San Antonio's 2016 Air Quality Was Stinko, According to a New Environmental Report


Hold your breath, San Antonio.

In 2016, our metro area had more days of shitty air quality than Texas' oil and refining centers of Houston, Corpus Christi and Beaumont-Port Arthur, according to new research from environmental groups.

The Alamo City racked up 28 days with elevated ozone levels that year, compared to Houston's 23, Corpus' 16 and Beaumont's 19, according to the report Trouble in the Air: Millions of Americans Breathe Polluted Air. S.A. was also the Texas metro area with the 8th-highest number high-ozone days; El Paso topped the list with 45.

"Texas has a history of serious air pollution problems in its large urban centers due to millions of vehicles and the largest number of industrial plants in the nation...,” Neil Carman, clean air program director for the Sierra Club's Lone Star Chapter, said in a written statement. “Texas elected officials need to take action to clean up industrial emissions and polluting vehicles."

To assemble the report, Environment Texas, Frontier Group and TexPIRG Education Fund sifted through Environmental Protection Agency air quality data from 2016, the most recent year available.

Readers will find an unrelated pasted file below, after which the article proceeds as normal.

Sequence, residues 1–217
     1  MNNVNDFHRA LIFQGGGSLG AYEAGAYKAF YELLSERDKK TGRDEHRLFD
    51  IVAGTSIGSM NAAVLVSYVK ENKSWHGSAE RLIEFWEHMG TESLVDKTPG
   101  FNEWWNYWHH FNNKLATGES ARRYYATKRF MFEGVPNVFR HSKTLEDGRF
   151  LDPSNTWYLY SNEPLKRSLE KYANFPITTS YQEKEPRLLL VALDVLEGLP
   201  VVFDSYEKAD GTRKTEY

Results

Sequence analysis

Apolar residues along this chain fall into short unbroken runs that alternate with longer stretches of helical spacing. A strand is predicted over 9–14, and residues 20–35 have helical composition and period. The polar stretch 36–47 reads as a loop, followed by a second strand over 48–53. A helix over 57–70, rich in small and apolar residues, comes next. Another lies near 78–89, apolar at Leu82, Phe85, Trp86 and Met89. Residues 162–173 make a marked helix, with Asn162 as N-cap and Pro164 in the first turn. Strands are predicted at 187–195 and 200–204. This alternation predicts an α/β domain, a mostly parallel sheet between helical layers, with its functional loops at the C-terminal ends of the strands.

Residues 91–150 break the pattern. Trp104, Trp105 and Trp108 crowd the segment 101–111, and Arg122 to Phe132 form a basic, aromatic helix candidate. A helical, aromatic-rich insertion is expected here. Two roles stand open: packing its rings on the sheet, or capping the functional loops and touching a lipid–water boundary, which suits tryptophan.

Beyond meaning you're not supposed to fire up the ol' barbecue pit, days with elevated ozone levels put residents at higher risk for premature death, asthma attacks and other health problems. Not fun stuff.

The state's biggest source of smog-forming nitrogen oxides — 48 percent, to be exact — is mobile sources, mainly cars and trucks, according to the report. Another 20 percent comes from petroleum production and refining, 13 percent from factories and 9 percent from electricity generation.

The report comes as San Antonio teeters on the brink of violating federal air-quality standards. The EPA is expected to rule in July whether the city has finally tipped into "non-attainment" status, which would require a bevy of new regulations on polluters.

The report also comes at a time when the Trump administration mulls weakening federal clean car standards and as business-cozy EPA Administrator Scott Pruitt announced his agency will review the federal ozone standard. As Oklahoma attorney general, Pruitt once sued to stop those same standards from being imposed.

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